The Cuban media, all state, did not publish anything about the wake and burial, organized privately by the family, as had been announced in the official news about the death. The only public expression from his paternal relatives came on Friday, February 2, from his cousin Mariela Castro Espín, daughter of Raúl Castro, Fidelito’s uncle. In her Twitter and Facebook accounts she thanked those who expressed sympathy.

Castro Díaz-Balart, the only son of Fidel Castro’s marriage with Mirta Díaz-Balart, also served as scientific advisor to the Council of State, Cuba’s highest governing body. (Information taken from Martí Noticias.)

Jose Marti: A Hostage of the Cuban Regime / Iván García

Pinilla illustration. Taken from Diario Las Américas.

Ivan Garcia, 29 January 2018 — At the foot of a small stairway, at the entrance of the former Vibora Institute of Secondary Education which is now René O’Reiné High School, a group of students smoke one cigarette after another and argue loudly about football.

They are sitting on a cement floor and lean their backs against the base of a relatively ordinary bronze statue of José Martí, whose image is commonly present in many Cuban schools.

When you ask them about the life and work of the hero — born on 28 January 1853 in a modest two-story house on Paula Street in Old Havana, and shot to death on 19 May 1895, in a skirmish in Dos Ríos, Jiguaní, today one of the thirteen municipalities in Granma province — young people turn on their ’autopilot’ and begin to recite the rote story they learn at school. continue reading

Yosbel, in the tenth grade, says “Martí is the most important Cuban hero. He was the one who taught us to think, the intellectual author of the assault on the Moncada barracks and the precursor of the Cuban revolution.”

Joshua, in the eleventh grade, confirms what Yosbel expresses and adds: “If Fidel had been born at that stage, he would have been like Martí and the rest of the Mambises chiefs. If Martí had been born now, he would be like Fidel and Raúl. ” He says it as if he were reciting a poem.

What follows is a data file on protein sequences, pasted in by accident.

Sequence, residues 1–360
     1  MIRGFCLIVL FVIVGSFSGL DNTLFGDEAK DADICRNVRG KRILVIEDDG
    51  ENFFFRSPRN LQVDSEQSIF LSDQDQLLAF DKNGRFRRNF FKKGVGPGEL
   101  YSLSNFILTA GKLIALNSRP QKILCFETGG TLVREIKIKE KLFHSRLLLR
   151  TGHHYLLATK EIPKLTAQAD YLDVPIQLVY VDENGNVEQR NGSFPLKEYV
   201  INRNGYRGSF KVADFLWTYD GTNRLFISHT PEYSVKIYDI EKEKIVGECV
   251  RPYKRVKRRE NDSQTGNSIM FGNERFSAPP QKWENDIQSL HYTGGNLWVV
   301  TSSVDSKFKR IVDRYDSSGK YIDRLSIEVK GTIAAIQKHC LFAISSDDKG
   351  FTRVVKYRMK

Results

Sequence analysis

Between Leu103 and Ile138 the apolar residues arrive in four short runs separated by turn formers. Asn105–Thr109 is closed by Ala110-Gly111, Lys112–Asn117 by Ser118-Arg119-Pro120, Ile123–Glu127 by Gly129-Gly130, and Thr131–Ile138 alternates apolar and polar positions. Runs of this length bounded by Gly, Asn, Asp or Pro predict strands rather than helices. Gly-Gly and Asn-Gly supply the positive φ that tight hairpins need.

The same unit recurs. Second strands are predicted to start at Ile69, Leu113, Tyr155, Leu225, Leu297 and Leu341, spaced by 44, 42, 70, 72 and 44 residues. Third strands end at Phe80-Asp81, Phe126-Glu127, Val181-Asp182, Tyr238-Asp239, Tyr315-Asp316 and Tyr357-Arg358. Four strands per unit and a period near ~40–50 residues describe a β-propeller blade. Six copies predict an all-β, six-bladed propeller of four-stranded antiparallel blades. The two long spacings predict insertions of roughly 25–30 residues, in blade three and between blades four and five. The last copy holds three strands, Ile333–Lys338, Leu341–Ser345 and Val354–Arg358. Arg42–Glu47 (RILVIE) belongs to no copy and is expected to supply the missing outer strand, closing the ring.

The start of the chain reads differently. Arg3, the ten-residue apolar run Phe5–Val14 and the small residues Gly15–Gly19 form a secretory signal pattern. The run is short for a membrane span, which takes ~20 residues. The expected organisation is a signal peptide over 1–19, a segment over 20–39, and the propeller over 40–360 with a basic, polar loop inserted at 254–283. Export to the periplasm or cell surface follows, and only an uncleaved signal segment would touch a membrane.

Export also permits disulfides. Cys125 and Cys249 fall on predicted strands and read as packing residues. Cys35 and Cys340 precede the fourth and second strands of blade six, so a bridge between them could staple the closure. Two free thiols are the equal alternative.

Do you admire José Martí? Have you read Martí’s works? I ask them and I ask them to speak frankly, not as if they were at a school assembly. They smile, they look at each other, and confess that they have hardly read him.

“What I remember,” says Yosbel, “I read Rosa’s Little Shoes and some stories from the book The Golden Age. But I’m not a fan of Martí. They tell you so much about him on the news and the newspapers, then they repeat the same jabbering at school, that you learn it by heart, but you do not enjoy it. It seems that Martí was not a human being, but an extraterrestrial.”

If you speak in confidence with young people and even with adults who, during their student years met a marble Martí, distant and perfect, the figure of the National Hero does not move them.

Maybe he’s repeating rumors he heard or it’s what he thinks, but Diego, a teller in a bank, says that “Martí was a spider captain. He talked and wrote a lot, but when it came time to use his gun, he was a failure. If the press presented him to me as a guy who had his faults, perhaps I would appreciate him more. But they want to sell you to a person who in 42 years of life did more things than an old man of one hundred years.”

When doctrinal propaganda is abused in the eagerness to build a myth, there is a risk of rejection in a population already stunned by the excess of pamphleteering propaganda.

Carlos, a sociologist, believes that “the sanctification of José Martí began after his death. In all cultures, it is typical to sketch a portrait of your heroes distant from their real lives. About Martí there is a suspicion that he had extramarital relations and according to recent studies he had a daughter with Carmen Mantilla. He was not a skilled warrior in the use of the machete and the rifle. Nor was he a military strategist.

“But, until proven otherwise, he is the Cuban with the greatest set of skills we have had. A humanist and an intellectual of the highest level. His untimely death generated a kind of feeling of guilt among the Mambises leaders, who, whether by dissension, envy or ambition for power, rejected Marti for not being a seasoned fighter like them.